Features:                                                                     
Events:   
Thursday July 24, 2014
FIU CREST

Florida International University's (FIU's) second-phase CREST, the Center for Innovative Information Systems Engineering is housed in its School of Computing and Information Sciences and its Department of Electrical and Computer Engineering. The Center's four research thrusts bring together a multidisciplinary group of researchers, large-scale collaborative relationships, and a broad ecosystem of partners to perform research that will lead to information technologies that help to solve critical societal problems of national priority.

Information Systems Engineering is a field of critical importance to our nation. More effective techniques for managing information, modeling information, natural, and man-made systems, and providing access to information are all critical components of Information Systems. Our second-phase CREST's research subprojects combine to perform synergistic transformative research with direct relevance to critical societal problems of national priority, including disaster management, universal access, and brain research/neuroscience. We have found that our students, particularly those who are women or from underrepresented populations, are particularly attracted to research with a demonstrable positive impact on society, so these research areas also help us to recruit and retain such students. Pete Martinez, Chairman of the Florida Research Consortium, states that "[b]y applying its research to themes critical to the State of Florida, such as disaster management, healthcare for our diverse population, and universal access to information systems, we believe that the Center will enable technology creation that will help keep the United States and Florida competitive..."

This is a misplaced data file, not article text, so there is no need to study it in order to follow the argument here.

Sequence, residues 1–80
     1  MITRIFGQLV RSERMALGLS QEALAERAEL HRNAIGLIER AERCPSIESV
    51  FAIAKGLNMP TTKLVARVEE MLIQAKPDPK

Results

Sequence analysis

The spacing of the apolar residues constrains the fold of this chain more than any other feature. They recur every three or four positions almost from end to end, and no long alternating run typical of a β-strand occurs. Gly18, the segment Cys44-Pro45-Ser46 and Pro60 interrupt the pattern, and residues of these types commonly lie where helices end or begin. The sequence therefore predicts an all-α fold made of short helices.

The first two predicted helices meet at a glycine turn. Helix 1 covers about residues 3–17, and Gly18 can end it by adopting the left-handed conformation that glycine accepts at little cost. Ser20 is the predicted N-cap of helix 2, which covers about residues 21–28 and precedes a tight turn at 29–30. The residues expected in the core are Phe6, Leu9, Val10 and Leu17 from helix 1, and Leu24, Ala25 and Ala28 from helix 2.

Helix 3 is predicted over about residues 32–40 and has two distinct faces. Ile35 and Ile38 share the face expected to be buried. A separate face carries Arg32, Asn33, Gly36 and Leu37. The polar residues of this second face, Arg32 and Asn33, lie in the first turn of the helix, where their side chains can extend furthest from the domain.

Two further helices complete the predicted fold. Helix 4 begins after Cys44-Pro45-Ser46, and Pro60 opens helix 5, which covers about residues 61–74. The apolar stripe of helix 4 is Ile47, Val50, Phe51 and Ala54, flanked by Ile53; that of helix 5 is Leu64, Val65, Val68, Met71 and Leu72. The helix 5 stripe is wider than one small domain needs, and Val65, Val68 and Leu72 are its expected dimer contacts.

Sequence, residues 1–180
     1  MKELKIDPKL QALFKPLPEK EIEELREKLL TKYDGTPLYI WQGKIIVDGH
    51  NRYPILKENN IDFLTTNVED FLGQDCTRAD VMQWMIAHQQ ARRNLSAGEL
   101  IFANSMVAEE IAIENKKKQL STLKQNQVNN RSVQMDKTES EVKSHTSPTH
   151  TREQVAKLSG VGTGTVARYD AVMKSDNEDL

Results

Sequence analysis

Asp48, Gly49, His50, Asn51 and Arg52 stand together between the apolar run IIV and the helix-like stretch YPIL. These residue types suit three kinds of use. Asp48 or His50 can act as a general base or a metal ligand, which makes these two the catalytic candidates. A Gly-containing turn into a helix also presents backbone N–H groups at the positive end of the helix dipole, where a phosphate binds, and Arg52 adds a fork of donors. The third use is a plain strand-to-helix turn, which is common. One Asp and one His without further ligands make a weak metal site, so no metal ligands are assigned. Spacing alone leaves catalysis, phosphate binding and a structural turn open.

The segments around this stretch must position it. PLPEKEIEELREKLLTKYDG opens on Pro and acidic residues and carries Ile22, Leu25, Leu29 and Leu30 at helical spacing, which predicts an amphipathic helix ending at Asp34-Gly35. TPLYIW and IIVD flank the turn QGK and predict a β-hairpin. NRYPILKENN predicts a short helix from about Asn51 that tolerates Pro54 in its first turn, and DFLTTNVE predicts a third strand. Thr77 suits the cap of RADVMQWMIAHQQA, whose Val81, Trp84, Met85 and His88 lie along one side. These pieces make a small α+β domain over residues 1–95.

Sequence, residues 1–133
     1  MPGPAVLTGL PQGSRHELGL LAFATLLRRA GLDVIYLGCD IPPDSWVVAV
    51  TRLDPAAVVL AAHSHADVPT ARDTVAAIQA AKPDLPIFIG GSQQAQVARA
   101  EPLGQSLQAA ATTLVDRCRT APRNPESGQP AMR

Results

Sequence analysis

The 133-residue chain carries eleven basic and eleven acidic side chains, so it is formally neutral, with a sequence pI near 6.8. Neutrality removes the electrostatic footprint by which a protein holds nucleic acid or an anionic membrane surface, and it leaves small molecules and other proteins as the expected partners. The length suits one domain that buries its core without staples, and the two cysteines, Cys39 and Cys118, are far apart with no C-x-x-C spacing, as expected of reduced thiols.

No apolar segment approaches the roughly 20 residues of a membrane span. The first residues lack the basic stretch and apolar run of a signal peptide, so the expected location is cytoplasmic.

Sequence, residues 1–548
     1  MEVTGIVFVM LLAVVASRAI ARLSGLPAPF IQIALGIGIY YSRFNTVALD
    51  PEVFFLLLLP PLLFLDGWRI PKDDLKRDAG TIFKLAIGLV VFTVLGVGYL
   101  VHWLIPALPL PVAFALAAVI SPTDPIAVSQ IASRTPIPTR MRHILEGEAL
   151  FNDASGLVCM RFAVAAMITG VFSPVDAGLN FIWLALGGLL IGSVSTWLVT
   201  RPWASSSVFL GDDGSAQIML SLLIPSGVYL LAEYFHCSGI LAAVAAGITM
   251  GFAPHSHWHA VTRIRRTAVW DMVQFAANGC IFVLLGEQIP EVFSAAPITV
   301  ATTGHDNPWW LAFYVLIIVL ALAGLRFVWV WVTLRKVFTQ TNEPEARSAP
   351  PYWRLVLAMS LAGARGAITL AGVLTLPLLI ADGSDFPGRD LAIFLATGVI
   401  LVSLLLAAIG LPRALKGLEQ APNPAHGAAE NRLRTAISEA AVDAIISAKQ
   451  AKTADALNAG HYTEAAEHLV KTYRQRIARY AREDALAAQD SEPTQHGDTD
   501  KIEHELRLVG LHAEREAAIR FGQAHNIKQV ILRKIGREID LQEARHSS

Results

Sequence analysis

The thrusts engage a well-qualified cadre of students to perform CREST-related research. Fewer than 3% of the U.S.'s approximately 1,500 Ph.D.s graduates in computer science and engineering each year are Hispanic or African American; fewer than 20% are women. Through Fall 2013, the FIU CREST graduated 62 Ph.D. students - 37% were underrepresented minorities and 35% were women; it also graduated 75 M.S. students - 47% were underrepresented minorities and 29% were women. Additionally, the FIU CREST has been acknowledged in over 420 publications, leveraged $30.4M in new research awards and $3M in in-kind equipment, begun the LA Grid collaboration with IBM, won a very competitive NSF PIRE grant, established strong international partnerships, established an NSF I/UCRC site and recruited members to it, and received a $1.4M endowment from the Ware Foundation.

"CREST research has resulted in significant growth of our computing-related doctoral programs."
Modesto A. Maidique
FIU President

"The Center's research agenda is bold, forward looking...[and will] create a highly competitive research center capable of training students who possess critical research and technology skills in technical areas that are greatly needed if the United States is to stay competitve in the global IT markeplace."
cholas S. Bowen, Ph.D.
VP of Strategy and Worldwide Operations, IBM Research

"By applying its research to themes critical to the State of Florida, such as disaster management, healthcare for our diverse population, and universal access to information systems, we believe that the Center will enable technology creation that will help keep the United States and Florida competitive in the increasingly-global IT marketplace."
Pete Martinez
Chairman, Florida Research Consortium

"Together we have already established a brain research laboratory and an optical imaging laboratory..."
Raul Herrera, MD.
Chief Research Officer, Miami Children's Hospital

This material is based in part upon work supported by the National Science Foundation under Grant Numbers HRD-0317692 and HRD-0833093. Any opinions, findings, and conclusions or recommendations expressed in this material are those of the author(s) and do not necessarily reflect the views of the National Science Foundation. © 2003-2010 Florida International University